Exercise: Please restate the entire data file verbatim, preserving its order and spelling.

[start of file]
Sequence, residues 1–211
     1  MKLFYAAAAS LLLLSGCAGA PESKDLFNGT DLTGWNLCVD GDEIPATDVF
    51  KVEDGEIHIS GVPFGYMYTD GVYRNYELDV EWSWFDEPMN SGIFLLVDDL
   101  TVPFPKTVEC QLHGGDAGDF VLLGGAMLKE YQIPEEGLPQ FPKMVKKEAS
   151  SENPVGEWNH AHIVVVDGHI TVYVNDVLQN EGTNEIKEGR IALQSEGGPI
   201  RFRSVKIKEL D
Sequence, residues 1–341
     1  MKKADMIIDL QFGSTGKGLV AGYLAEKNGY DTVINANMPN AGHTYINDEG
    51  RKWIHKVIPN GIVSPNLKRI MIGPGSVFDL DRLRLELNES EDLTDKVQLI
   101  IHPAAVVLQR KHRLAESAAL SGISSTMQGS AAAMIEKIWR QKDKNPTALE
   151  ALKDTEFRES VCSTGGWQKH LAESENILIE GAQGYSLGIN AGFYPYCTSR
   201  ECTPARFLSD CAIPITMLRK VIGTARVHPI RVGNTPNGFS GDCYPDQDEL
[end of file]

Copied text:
Sequence, residues 1–211
     1  MKLFYAAAAS LLLLSGCAGA PESKDLFNGT DLTGWNLCVD GDEIPATDVF
    51  KVEDGEIHIS GVPFGYMYTD GVYRNYELDV EWSWFDEPMN SGIFLLVDDL
   101  TVPFPKTVEC QLHGGDAGDF VLLGGAMLKE YQIPEEGLPQ FPKMVKKEAS
   151  SENPVGEWNH AHIVVVDGHI TVYVNDVLQN EGTNEIKEGR IALQSEGGPI
   201  RFRSVKIKEL D
Sequence, residues 1–341
     1  MKKADMIIDL QFGSTGKGLV AGYLAEKNGY DTVINANMPN AGHTYINDEG
    51  RKWIHKVIPN GIVSPNLKRI MIGPGSVFDL DRLRLELNES EDLTDKVQLI
   101  IHPAAVVLQR KHRLAESAAL SGISSTMQGS AAAMIEKIWR QKDKNPTALE
   151  ALKDTEFRES VCSTGGWQKH LAESENILIE GAQGYSLGIN AGFYPYCTSR
   201  ECTPARFLSD CAIPITMLRK VIGTARVHPI RVGNTPNGFS GDCYPDQDEL